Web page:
Can Apple's Investors Ignore its Competitive Risks
Cecil is a member of The Motley Fool Blog Network -- entries represent the personal opinion of the blogger and are not formally edited.
There’s no doubt that Apple (NASDAQ: AAPL) is the hottest stock in the market right now! It seems that the smart phone sector is where all the money has been minted in the last few years; it’s mainly because investors and consumers have seen a lot of innovation in this sector which has been fueled by giants. So why does Apple stand out in this market? The company’s perfectionist approach to incorporate both slick style and innovative technology has enabled Apple to stand out in any crowd.
With last week’s surge in Apple’s stock, a lot of people are becoming very skeptical about the future of this stock and are comparing it with Research In Motion (NASDAQ: BBRY). A lot of market gurus feel that a few mistakes are all that is needed for this stock to lose value. Such skepticism comes to existence because the growth of this stock resembles the dot-com bubble from the early 2000s. I personally feel that this opinion is wrong. Here’s why!
The price to earnings ratio of Research in Motion shows that they never really had consistent value; it purely depended on the stock price. This means the PE ratio doesn’t really reflect the growth of the company; it is more of a representation of the high price of the stock.
Apple on the other hand, has a price-to-earnings ratio which is not dependent on the stock price; as a matter of fact Apple’s stock price increased only recently. Over a period of 1 year the stock price went up by a staggering 77.8%. The PE ratio for Apple is very strong; it has been more or less consistent in its values and this represents a steady and solid growing company. The present PE ratio for Apple is close to 16% against the 6.35% of RIM.
Such strong figures force me to say that despite its all-time high, Apple is still an inexpensive stock. For a company with a cash position of $120 billion (apparently this figure is 20% of Apple’s market capitalization) Apple’s stock is definitely cheap and I seriously don’t see any reason why this strong stock should fail anytime soon.
But does this mean that Apple investors have the luxury to ignore all the competitive risks? Not one bit my friend!
Competitive risks associated with Apple
So what are the risks involved here? The points listed below are applicable to every smart phone, tablet and PC business.
- A reduction in gross margin which is caused directly by aggressive price cuts.
- With rapid advancement of technology from the part of industrial players, the common consumer is bombarded with a lot of options; this definitely will result in an unpredictable sell of a product.
- The customer becoming price sensitive is another issue.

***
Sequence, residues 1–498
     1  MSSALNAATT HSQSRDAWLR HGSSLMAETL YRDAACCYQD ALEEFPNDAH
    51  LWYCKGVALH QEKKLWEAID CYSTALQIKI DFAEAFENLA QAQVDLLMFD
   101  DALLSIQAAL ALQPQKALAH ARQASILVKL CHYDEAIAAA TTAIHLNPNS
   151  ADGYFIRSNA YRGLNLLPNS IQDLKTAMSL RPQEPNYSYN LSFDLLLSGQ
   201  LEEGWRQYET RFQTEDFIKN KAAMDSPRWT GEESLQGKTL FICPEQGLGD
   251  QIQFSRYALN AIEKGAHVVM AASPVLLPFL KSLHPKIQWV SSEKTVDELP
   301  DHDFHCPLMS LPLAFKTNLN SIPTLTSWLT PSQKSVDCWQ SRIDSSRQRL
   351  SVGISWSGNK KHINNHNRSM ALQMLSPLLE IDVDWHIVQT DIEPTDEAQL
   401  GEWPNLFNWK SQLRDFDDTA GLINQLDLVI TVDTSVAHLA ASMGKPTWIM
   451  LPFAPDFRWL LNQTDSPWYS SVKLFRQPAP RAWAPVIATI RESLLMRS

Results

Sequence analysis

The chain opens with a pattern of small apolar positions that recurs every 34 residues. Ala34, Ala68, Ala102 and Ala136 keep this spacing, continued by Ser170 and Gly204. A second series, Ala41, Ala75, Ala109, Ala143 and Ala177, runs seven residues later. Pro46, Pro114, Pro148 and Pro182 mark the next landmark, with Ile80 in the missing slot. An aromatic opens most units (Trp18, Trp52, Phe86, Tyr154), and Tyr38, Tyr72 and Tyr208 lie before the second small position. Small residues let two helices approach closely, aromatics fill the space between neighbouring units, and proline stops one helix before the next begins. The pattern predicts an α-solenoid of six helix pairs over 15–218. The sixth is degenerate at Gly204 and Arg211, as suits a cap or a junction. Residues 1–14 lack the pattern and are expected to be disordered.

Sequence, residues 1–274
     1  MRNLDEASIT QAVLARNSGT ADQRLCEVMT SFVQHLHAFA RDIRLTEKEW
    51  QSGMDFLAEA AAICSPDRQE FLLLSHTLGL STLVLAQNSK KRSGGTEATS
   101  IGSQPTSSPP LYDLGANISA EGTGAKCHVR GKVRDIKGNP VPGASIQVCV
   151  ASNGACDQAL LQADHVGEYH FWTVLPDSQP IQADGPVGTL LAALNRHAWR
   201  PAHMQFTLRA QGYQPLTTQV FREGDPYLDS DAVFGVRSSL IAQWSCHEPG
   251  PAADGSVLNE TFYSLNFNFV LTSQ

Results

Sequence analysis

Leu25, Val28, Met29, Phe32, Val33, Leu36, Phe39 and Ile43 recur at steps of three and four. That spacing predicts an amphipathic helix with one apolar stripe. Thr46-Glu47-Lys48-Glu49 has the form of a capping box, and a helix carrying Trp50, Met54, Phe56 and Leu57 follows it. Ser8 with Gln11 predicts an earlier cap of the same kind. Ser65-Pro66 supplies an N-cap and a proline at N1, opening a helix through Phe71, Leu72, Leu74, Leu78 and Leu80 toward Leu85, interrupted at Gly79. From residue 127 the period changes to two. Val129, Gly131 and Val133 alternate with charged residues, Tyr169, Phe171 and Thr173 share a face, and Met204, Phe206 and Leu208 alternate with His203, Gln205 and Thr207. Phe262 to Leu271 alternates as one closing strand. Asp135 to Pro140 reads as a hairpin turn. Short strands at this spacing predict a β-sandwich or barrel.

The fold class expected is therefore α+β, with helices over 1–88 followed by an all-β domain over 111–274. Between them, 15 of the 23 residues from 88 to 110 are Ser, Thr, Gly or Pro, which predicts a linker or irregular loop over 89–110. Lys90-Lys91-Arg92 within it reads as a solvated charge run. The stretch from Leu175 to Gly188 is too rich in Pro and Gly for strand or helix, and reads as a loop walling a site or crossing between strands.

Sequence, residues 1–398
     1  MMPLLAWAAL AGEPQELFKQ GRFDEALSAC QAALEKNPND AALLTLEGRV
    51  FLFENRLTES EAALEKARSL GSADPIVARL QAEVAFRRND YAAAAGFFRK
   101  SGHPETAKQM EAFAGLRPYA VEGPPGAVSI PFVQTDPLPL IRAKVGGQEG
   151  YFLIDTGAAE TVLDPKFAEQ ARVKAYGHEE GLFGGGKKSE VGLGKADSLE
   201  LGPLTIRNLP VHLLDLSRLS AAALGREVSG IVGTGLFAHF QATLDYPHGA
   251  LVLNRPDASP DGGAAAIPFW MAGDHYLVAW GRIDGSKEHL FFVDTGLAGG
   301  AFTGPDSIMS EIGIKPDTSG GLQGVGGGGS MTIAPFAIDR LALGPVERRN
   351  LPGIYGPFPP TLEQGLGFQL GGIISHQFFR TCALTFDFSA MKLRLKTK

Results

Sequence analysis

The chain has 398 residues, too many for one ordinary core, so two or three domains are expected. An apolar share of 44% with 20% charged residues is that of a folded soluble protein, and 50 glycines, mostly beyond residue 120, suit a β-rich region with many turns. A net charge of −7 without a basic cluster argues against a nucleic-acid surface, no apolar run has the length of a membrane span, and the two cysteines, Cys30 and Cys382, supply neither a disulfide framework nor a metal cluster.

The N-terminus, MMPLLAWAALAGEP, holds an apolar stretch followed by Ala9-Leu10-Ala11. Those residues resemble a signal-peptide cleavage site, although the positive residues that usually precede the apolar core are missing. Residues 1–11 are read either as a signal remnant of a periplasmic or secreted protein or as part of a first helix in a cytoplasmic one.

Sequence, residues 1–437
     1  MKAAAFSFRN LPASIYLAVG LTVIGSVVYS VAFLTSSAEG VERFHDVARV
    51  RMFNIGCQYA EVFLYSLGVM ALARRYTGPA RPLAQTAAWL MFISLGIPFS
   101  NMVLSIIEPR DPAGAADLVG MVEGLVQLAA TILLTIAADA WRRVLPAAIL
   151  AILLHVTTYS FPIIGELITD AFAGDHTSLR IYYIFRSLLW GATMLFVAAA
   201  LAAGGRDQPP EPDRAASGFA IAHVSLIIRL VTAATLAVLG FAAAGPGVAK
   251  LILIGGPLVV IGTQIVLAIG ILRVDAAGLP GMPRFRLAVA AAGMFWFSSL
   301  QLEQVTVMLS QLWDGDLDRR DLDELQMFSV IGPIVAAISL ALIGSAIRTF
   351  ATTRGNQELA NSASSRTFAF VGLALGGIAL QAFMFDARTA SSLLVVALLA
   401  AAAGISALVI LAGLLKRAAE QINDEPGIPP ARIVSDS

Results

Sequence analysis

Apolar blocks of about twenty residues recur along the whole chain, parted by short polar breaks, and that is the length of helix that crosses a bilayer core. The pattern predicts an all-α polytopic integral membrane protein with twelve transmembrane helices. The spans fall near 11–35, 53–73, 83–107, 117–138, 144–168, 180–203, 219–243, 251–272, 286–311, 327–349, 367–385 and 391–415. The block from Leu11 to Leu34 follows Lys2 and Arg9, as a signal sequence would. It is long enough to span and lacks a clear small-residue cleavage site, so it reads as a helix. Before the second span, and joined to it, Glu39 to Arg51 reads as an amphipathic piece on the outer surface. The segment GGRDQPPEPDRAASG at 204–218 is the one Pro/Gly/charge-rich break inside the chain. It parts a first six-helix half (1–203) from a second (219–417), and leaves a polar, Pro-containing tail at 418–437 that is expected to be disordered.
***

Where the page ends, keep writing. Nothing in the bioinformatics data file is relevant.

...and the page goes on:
But the slightest advantage that Apple has is that it product appeal comes from pure non-technical factors. Somehow every product from this firm has attained a sort of cult status wherein consumers regard this product to be superior in comparison to every other product in the given price range even if Apples products aren’t superior in terms of specifications.
A question that will linger on is how long will this “cult” effect last for Apple? Of course, this is quite unpredictable.
On a more technical side of things Apples advantage lies in the fact that their operating system ecosystem is great when compared with Google’s Android and Microsoft’s Windows phone. This is no surprise as Apple’s OS is very hardware specific while Google and Microsoft aim to make their OS cater a host of smart phone companies. This can be summarized quiet simply by saying that Apple aims at quality while Microsoft and Google aim at quantity. Of course, this doesn’t mean that both sets of companies don’t look into quantity and quality respectively.
The problem with the smart phone sect is that the market will eventually commoditize it. I call this a problem because it will get hit by the “good enough” syndrome where consumers will be satisfied with the bare minimum specifications at a moderate price; quiet similar to what happened in the PC sector.
In the tablet sector, we have an interesting scenario! The sector has been dubbed as the “PC killer”; though this seems highly unlikely as the form factor and battery life goes against tablets. This sector might result in the annihilation of the netbook sector for casual users. And this one sector where Apple is pretty strong especially with the release of the new iPad which offers the highest resolution screen in the whole tablet PC category.
In the laptop sector, Apple will face a slowdown because it’s pretty overpriced. Here’s an example:
UX31A Ultrabook created by ASUSTek is dubbed as the world’s best ultrabook. It features a full HD (1080p) screen and a 1.7 GHz processor. This product is priced at $1400; MacBook Air on the other hand offers a 1400x900 screen resolution and a 1.6 Ghz processor and is priced at $1500. This just proves that there are quite a few players who actually make product better than Apple and still keep the price lower than Apple.
All of the above points force me to think that though Apple as a stock is very strong, it would be foolish for investors to think there are no risks involved in the stock.
ceciljohn2002 has no positions in the stocks mentioned above. The Motley Fool owns shares of Apple, Google, and Microsoft. Motley Fool newsletter services recommend Apple and Google. Try any of our Foolish newsletter services free for 30 days. We Fools may not all hold the same opinions, but we all believe that considering a diverse range of insights makes us better investors. The Motley Fool has a disclosure policy.If you have questions about this post or the Fool’s blog network, click here for information.